While an exuberant Minneapolis delegation celebrated together Israel’s 75th anniversary, I had a parallel journey in Jerusalem as a delegate to the World Zionist Congress on April 19-21. As a delegate, I followed in the legendary footsteps of Theodor Herzl who convened the first World Zionist Congress in Basel, Switzerland in 1897. One hundred and twenty-six years later, the World Zionist Organization continues to be an important institution, a voice for Jews around the world. Crucially, the World Zionist Organization also governs how money is allocated by the Jewish Agency for Israel.
The work of being a World Zionist Congress delegate proved to me how important it is to engage with Israel on a political level. I tried to do my part as a voice for diaspora Jewry, voting to assure Israel’s future as a vibrant Jewish and democratic state at this pivotal moment in the country’s history.
I came to Israel as a delegate representing MERCAZ – the Zionist party of Masorti/Conservative Judaism. Our slate of delegates from the US, Canada, Latin America, and Europe came to Jerusalem prepared to vote on a series of resolutions that would make global Jewry’s voice heard loud and clear in favor of a pluralistic Jewish and democratic Israel. Together, we were determined to speak out for women’s rights and LGBTQ rights in Israel, for equal recognition of Conservative and Reform conversions, and to assure that diaspora Jews maintain their rights to immigrate to Israel. We also passed a resolution, objecting to the Knesset’s proposed judicial overhaul, intended to subjugate Israel’s Supreme Court to the will of the Knesset, a proposal that threatens an independent judiciary and Israel’s democratic future.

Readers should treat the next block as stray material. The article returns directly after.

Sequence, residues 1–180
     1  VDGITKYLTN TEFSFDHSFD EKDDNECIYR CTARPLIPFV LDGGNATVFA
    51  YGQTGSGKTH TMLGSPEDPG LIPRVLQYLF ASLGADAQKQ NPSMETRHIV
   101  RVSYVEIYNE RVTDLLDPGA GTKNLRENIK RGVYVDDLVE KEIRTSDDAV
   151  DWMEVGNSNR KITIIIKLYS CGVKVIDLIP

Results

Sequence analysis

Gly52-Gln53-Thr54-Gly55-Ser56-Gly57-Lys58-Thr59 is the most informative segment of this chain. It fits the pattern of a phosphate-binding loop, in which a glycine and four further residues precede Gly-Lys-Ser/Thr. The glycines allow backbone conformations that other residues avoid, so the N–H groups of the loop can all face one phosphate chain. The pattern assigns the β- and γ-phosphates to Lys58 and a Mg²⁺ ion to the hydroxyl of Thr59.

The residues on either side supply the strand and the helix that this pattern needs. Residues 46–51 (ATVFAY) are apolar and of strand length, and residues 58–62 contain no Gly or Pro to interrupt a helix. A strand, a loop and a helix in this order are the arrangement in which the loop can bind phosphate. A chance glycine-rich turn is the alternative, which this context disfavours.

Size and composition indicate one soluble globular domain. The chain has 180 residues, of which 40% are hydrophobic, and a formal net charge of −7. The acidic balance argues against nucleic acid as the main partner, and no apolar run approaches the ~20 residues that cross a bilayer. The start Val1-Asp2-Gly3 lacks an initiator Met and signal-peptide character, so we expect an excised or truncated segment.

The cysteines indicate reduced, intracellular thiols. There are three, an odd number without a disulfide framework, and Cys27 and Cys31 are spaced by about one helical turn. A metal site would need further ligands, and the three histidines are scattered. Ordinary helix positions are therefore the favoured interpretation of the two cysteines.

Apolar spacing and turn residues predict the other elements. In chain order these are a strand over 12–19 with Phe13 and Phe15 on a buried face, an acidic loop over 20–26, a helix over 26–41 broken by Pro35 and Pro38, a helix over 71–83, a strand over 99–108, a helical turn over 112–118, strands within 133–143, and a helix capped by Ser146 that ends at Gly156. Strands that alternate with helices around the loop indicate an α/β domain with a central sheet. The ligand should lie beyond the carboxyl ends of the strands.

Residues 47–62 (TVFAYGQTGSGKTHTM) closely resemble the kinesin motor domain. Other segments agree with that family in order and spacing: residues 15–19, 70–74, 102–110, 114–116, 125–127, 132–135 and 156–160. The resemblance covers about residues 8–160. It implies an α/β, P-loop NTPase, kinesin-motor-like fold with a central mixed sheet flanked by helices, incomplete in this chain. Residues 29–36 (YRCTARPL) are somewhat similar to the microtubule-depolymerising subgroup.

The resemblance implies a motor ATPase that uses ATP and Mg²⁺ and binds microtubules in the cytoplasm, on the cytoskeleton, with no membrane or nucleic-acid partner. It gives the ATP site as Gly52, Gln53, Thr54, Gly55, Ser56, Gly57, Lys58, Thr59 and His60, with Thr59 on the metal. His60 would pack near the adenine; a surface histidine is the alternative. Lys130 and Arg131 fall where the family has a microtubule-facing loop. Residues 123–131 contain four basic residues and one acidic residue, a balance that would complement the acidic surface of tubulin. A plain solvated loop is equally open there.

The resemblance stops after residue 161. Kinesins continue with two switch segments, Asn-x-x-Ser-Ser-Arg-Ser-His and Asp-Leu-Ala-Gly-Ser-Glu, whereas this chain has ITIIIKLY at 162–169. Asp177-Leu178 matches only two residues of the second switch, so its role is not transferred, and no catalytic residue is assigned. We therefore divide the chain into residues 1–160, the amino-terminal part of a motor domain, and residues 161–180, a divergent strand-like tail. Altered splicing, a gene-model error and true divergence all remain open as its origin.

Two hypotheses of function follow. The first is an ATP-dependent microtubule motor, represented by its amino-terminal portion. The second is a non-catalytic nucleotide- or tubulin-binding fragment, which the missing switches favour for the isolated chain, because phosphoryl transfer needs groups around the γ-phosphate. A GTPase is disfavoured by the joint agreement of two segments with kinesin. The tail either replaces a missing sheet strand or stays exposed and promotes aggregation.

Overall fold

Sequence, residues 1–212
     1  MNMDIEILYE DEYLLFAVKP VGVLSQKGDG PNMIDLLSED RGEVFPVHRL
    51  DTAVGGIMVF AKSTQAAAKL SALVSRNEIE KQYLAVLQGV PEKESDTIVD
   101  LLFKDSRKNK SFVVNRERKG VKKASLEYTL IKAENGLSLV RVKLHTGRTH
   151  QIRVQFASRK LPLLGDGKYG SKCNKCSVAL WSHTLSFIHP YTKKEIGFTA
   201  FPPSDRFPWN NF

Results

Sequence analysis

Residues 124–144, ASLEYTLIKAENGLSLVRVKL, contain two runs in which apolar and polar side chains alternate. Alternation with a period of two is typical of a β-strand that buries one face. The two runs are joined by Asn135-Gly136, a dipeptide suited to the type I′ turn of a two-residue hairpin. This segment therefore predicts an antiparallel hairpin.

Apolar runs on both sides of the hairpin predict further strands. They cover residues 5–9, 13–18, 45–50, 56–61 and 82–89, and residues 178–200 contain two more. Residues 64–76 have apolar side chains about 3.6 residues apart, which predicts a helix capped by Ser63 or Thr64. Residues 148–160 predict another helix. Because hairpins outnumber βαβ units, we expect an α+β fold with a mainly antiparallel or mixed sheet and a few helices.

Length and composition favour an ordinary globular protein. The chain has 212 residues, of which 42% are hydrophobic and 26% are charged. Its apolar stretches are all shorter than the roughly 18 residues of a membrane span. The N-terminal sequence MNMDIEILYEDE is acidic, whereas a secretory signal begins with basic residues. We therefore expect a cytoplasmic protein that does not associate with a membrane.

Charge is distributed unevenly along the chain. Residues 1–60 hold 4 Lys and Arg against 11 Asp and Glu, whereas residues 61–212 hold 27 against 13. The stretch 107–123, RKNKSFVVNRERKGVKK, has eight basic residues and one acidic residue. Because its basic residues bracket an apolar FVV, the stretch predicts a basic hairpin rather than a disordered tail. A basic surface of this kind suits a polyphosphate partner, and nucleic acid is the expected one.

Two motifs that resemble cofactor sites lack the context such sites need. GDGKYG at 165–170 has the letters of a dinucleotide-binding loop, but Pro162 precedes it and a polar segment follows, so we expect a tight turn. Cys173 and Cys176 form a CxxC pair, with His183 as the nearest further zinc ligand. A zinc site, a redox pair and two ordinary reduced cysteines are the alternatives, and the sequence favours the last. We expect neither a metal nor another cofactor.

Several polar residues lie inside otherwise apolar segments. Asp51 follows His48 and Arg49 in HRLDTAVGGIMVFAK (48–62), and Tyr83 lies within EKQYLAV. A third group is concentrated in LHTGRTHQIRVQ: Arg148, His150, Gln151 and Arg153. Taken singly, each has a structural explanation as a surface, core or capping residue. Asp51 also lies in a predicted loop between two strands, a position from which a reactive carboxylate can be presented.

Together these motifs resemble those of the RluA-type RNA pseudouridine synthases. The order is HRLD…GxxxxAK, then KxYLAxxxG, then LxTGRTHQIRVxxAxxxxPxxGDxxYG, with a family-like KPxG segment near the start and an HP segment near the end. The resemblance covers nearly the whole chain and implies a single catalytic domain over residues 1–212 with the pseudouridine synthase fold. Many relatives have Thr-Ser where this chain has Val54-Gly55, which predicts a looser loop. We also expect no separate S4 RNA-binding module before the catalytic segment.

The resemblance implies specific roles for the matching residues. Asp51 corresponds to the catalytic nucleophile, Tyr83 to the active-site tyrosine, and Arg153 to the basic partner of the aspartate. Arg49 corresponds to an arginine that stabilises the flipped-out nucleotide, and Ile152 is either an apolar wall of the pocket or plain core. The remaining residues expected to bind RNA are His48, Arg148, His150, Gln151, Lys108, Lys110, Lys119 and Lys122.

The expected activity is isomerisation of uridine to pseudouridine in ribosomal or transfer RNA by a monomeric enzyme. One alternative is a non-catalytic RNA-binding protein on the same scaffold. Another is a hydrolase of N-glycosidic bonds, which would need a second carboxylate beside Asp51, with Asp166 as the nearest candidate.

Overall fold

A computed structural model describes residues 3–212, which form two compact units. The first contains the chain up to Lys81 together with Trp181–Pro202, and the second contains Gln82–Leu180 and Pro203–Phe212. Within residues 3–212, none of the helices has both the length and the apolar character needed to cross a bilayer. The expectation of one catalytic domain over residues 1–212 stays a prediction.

I witnessed a strong and well-organized coalition, in which MERCAZ, together with Reform, Yesh Atid, Labor, and others worked hard so that our resolutions to build a stronger Israel made it successfully through committees. When it came time for the 753-member plenary to vote on these pro-Israel resolutions, the ultra-Orthodox parties, who found themselves in the minority at the Congress, used a surprise procedural maneuver, attempting to stop the vote. But ultimately, they failed. The vote of the plenary will take place online in the coming weeks. Because of the power, influence, and coordination between MERCAZ and its partners and allies, our values will prevail. Israel’s government will receive a clear message from the representative body of Jews from around the world: Israel must remain a Jewish and democratic state and a home for every Jew.
Our success is made possible because of the strong and united voice that MERCAZ and its allies have in the World Zionist Congress. At this critical moment in Israel’s history, it is essential that diaspora Jews work together to strengthen our representation in the next World Zionist Congress in 2025. If we fail to organize, extremist parties will assure their delegates outnumber ours. Their voices will drown out the values held by a majority of the world’s Jews. Further, they will gain control of the allocation of monies collected by the Jewish Agency, and they will direct those monies toward their own institutions and their restrictive priorities. I know that most of us are Jews who care about Israel’s future as a vibrant Jewish and democratic state. We are pained when our Jewish values and interests at put at risk by minority factions.
At the Congress, I had a first-hand look at the battle for Israel’s democracy that has overtaken the country in recent months. I was proud to stand with Jews from Israel and around the world, from all backgrounds, as we protested against the architects of the so-called “judicial overhaul.” From its very founding by Herzl, the Zionist Movement has been a political movement. Israelis are making their voices heard in peaceful demonstrations on city streets every Saturday night. Minnesota Jews can exercise their rights by voting for representatives who will carry our voice, our values, and our interests to the World Zionist Congress, where Jews from all over the world make an impact on Israeli and diaspora Jews alike.
Today, Israel is faced with an internal challenge, distinct from others in the country’s history. And as Jews living outside of Israel, we share our concerns about preserving democratic norms in the Israel we love. We watch as Israelis take their battle for a pluralistic and democratic Israel to the streets. We may wonder: what can we do to support them? We are supporting them with our votes in favor of the pro-democratic and pluralistic resolutions passed by the committees at the recent World Zionist Congress in Jerusalem. And we can continue to support Israelis by strengthening our voices and increasing our representation in the World Zionist Congress in the next WZO election in 2025.